Illumina, the world’s largest manufacturer of DNA sequencing machines, announced Sunday the formation of a new company that will develop blood tests that can detect a broad variety of early stage cancers long before symptoms arise. The new company, named Grail, has so far raised $100 million, mostly from Illumina and venture capital firm Arch Venture Partners, but also from Microsoft co-founder Bill Gates, and Amazon founder Jeff Bezos.

“The holy grail in oncology has been the search for biomarkers that could reliably signal the presence of cancer at an early stage,” Richard Klausner, a former director of the National Cancer Institute who is now a member of the new company’s board of directors, said in a statement released Sunday. “Illumina’s sequencing technology now allows the detection of circulating nucleic acids originating in the cancer cells themselves, a superior approach that provides a direct rather than surrogate measurement.”

The pan-cancer screening test, which the San Diego-based Illumina said should reach markets by 2019, aims to detect the disease through a technique sometimes called a liquid biopsy. The procedure, which uses high-speed DNA sequencing machines to scour a person’s blood for mutated DNA fragments released by cancer cells, is currently used only for patients already known to have cancer. If DNA with cancer-causing mutations is present in the blood, it often indicates a tumor is already forming, even if it’s too small to cause symptoms.

In the United States, despite a steady drop in cancer deaths over the past few decades, the disease still remains the leading cause of death in 21 states, and the second leading cause — after heart disease — nationwide.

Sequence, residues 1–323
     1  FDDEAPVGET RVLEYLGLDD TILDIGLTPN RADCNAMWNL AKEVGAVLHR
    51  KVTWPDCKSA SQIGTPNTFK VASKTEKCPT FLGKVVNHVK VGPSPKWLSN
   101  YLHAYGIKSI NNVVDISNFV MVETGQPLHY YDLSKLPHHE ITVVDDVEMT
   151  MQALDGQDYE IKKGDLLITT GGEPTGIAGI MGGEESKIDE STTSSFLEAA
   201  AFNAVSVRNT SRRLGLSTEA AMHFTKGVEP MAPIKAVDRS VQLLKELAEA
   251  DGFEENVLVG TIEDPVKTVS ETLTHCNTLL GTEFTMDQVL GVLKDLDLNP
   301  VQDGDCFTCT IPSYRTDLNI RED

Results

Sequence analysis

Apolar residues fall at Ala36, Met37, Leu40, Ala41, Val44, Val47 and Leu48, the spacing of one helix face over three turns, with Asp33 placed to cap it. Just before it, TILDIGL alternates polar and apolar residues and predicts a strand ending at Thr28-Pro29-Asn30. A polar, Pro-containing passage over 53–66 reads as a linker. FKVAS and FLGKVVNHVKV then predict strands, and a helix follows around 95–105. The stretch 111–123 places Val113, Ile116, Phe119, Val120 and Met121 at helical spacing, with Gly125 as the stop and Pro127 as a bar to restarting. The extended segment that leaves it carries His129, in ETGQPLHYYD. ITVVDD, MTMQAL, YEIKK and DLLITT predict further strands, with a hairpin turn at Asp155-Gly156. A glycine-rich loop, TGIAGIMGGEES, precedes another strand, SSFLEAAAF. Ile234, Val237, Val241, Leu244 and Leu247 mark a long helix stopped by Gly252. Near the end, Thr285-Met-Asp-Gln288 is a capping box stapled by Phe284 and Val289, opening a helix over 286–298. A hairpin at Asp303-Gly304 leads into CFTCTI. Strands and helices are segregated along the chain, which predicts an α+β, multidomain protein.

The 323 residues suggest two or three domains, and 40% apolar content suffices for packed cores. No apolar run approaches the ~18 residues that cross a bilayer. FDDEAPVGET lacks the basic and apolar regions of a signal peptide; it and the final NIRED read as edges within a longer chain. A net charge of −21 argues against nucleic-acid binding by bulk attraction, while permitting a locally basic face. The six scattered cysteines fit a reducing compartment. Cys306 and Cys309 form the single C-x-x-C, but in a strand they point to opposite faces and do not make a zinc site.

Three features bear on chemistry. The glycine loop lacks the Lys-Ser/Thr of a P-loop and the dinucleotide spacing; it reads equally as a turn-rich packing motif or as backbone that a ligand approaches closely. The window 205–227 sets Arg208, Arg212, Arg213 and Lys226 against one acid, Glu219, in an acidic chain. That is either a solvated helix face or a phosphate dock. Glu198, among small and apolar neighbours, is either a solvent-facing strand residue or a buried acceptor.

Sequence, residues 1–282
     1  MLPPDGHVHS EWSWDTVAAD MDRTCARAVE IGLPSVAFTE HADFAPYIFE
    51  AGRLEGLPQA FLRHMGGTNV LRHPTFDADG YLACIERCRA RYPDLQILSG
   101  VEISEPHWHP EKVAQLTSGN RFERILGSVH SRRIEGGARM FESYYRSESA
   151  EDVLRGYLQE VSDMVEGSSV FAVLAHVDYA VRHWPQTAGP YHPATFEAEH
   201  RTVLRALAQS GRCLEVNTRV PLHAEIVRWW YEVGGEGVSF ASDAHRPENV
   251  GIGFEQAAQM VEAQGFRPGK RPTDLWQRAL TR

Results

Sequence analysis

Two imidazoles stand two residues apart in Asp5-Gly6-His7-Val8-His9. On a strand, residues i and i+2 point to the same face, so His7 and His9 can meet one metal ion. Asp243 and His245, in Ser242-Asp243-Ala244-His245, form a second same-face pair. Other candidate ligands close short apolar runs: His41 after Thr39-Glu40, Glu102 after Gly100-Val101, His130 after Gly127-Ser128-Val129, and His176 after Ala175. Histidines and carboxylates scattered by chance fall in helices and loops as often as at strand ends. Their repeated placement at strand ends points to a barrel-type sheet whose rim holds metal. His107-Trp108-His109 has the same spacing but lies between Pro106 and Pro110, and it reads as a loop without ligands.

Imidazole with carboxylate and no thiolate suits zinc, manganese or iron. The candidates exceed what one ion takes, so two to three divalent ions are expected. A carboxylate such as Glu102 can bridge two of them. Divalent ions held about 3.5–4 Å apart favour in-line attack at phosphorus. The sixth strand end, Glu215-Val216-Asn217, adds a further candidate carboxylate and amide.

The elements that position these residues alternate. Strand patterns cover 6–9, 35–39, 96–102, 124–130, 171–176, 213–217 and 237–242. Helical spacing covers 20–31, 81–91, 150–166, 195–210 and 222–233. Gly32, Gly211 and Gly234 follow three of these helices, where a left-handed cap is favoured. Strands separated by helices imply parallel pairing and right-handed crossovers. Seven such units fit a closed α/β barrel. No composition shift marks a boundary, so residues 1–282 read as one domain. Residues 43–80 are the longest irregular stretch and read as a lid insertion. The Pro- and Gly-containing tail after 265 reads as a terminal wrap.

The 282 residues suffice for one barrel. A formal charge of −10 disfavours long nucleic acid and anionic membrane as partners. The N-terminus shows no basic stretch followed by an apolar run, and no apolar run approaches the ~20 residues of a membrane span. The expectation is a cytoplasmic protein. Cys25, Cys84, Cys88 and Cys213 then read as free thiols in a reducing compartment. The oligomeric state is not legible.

Since the technique being pursued by Illumina is designed to screen people at the earliest stage, when the chances of a cure are the highest, many believe it could potentially be a “game changer.”

“We hope today is a turning point in the war on cancer,” Jay Flatley, Illumina CEO and chairman of the board of Grail, said in the statement. “By enabling the early detection of cancer in asymptomatic individuals through a simple blood screen, we aim to massively decrease cancer mortality by detecting the disease at a curable stage.”

On the flip side, though, since many cells, not just cancerous ones, shed DNA into the bloodstream, a false positive may force many people to undergo further tests that can cause harmful side effects. As a result, the U.S. Food and Drug Administration (FDA) has remained extremely skeptical of such blood tests that claim to diagnose cancers in asymptomatic individuals.

In September, for instance, the FDA wrote in a letter to Pathway Genomics that a liquid biopsy technique developed by the startup has not been validated by science and could, in practice, harm public health.

“We have also examined published literature and have not found any published evidence that this test or any similar test has been clinically validated as a screening tool for early detection of cancer in high risk individuals,” the FDA wrote, in the letter.